Electric Sound (Prentice Hall, 1996), by Joel Chadabe, discusses developments in electronic music throughout the 20th century, with excellent coverage of early computer and analog synthesis.
Keyfax Omnibus Edition (MixBooks, 1996), by Julian Colbeck, has a wealth of information on commercially produced synthesizers.
Here are a few recommended recordings to supplement your reading:
John Chowning (Wergo) highlights the composer's early computer music works.
Columbia-Princeton Electronic Music Center 1961-1973 (New World) includes Charles Dodge's Earth's Magnetic Field.
Jean-Claude Risset (INA-GRM) includes Mutations, composed at Bell Labs, as well as Inharmonique and Sud, composed later.
Jean-Claude Risset (Wergo) features Computer Suite from Little Boy, as well as Sud and other compositions for computer sound and acoustic instruments.
Morton Subotnick (Wergo) includes Silver Apples of the Moon and The Wild Bull.
James Tenney: Selected Works 1961-1969 (Artifact) features the compositions that Tenney finished at Bell Labs.
These and other interesting items are available from CDeMusic at www.cdemusic.org.
The Electronic Century Part IV: The Seeds of the Future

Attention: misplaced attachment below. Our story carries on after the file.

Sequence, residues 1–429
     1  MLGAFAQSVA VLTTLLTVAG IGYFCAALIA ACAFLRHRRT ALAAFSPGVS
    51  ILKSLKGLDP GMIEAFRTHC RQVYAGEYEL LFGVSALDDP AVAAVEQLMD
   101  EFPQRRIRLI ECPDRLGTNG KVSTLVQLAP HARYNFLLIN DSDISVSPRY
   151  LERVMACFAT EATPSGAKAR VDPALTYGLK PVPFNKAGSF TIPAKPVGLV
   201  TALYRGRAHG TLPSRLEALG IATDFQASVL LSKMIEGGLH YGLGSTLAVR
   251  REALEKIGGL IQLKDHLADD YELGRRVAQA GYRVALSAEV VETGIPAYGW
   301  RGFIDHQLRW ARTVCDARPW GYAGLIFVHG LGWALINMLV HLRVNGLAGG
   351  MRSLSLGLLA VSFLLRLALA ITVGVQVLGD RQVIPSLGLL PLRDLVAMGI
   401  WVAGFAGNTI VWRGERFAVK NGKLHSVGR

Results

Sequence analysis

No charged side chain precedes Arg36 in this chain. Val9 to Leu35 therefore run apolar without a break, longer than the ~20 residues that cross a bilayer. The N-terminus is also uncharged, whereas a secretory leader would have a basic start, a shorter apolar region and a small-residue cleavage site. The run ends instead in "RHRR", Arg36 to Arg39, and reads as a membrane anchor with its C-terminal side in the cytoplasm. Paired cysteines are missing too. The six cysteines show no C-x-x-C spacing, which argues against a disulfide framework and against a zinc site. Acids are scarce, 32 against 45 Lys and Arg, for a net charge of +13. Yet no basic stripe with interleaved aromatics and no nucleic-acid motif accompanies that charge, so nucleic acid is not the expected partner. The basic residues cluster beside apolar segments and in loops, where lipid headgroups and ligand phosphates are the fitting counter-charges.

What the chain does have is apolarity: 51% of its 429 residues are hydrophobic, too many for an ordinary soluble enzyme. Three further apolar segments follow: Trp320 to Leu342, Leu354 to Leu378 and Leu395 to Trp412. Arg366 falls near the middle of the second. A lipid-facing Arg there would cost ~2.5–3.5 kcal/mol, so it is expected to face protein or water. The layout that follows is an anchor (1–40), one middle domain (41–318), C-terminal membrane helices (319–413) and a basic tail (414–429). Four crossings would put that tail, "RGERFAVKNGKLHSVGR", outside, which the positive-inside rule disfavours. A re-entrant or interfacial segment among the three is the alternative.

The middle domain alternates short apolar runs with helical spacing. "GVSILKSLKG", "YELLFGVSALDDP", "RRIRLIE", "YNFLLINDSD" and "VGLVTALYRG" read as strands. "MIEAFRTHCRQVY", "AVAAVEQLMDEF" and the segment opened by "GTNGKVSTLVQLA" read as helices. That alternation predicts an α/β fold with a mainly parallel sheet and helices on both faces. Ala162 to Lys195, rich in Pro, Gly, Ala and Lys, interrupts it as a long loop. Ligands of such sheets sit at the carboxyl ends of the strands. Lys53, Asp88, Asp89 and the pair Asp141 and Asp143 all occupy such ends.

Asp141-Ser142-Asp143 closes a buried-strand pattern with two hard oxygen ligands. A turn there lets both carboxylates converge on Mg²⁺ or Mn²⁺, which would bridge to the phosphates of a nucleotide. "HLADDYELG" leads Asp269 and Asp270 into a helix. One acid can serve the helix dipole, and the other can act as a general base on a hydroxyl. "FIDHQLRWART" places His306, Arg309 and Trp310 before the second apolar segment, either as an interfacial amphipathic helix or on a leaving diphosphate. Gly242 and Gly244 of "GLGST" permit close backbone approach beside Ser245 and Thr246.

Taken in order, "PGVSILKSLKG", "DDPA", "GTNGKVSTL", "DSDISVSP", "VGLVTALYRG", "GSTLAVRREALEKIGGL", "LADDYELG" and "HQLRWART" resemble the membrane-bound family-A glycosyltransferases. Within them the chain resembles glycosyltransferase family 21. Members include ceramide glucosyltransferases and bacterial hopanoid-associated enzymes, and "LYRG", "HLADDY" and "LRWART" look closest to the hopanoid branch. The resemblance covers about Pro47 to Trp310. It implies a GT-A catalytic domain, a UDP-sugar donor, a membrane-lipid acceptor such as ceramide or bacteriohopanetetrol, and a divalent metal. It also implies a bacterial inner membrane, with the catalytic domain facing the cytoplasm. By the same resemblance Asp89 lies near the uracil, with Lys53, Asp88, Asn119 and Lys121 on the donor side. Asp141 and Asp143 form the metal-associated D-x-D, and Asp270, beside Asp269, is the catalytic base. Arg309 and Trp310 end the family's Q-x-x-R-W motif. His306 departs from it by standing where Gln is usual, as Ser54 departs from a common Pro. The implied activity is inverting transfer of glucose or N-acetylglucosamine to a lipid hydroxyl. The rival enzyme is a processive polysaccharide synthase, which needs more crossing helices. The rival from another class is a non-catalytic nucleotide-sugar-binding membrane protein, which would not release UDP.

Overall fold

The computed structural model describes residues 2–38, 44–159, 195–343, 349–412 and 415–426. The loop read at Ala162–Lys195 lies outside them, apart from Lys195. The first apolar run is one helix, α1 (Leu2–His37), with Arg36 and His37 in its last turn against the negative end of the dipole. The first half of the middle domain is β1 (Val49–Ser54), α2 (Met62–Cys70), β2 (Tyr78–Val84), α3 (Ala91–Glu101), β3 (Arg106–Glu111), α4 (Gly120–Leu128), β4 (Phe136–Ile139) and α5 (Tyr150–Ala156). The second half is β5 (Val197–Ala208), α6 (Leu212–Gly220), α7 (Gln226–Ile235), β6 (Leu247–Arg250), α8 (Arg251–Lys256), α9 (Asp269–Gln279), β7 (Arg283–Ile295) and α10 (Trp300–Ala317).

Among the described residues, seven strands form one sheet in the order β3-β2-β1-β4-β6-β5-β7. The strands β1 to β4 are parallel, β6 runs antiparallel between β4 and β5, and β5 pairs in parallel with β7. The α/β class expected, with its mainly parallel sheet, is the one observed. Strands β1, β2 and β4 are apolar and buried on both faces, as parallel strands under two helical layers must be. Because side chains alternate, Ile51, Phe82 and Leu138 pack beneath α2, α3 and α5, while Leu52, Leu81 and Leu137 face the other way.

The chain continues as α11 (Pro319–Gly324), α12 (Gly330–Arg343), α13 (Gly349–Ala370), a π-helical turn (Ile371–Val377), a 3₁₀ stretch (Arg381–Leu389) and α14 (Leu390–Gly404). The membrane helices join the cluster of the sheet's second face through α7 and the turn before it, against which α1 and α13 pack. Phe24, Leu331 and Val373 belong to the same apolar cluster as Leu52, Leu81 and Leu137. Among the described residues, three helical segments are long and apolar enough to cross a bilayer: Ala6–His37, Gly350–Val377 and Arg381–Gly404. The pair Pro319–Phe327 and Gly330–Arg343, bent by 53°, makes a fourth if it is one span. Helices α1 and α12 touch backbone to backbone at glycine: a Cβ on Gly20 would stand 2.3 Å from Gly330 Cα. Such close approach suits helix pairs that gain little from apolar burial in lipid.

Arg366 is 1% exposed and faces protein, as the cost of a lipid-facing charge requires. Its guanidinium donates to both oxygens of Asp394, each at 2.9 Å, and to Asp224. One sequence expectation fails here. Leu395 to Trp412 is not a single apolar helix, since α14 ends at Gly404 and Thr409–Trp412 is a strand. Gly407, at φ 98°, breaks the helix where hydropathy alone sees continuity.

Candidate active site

May 1, 2000 12:00 PM, Joel Chadabe
Joel Chadabe performing at the New Music New York festival at the Kitchen in New York City in 1979. The antennas are modified theremins that were custom-made by Robert Moog. Here Chadabe is using them to 'conduct" the first Synclavier, which is on the table behind him.
At the end of the 1960s, two distinct but parallel paths of technical innovation traversed the field of electronic music. One of the paths, leading toward a future of digital audio and digital signal processing, was computer music. It was neither musically nor technically an easy path to follow. But the difficulties of computer-music development, such as the lack of real-time feedback and the need to specify music in computer code, were offset by the promise of creating any sound imaginable—not to mention the advantages of precise control, repeatability, and nearly indestructible storage.
The other path of technical progress, followed by many musicians, led to the development of the synthesizer. Analog synths, many of which could be played like traditional instruments, opened up a new world of electronic sound in performance. With the help of hugely successful recordings like Wendy Carlos's Switched-On Bach and Keith Emerson's single "Lucky Man," synthesizers were becoming standard in virtually every band's instrumentation.
SYNTHESIZERS OF THE '70S
By the beginning of the 1970s, it was clear that electronic sounds were hot and that electronic music could become a viable industry. In fact, the market exploded during the decade, with many new companies developing new instruments, and the technology itself advanced quickly. As we moved from the transistors of the '60s to the integrated circuits of the '70s, computers and analog synthesizers became less expensive and easier to use, and they were often joined together in what were called hybrid systems.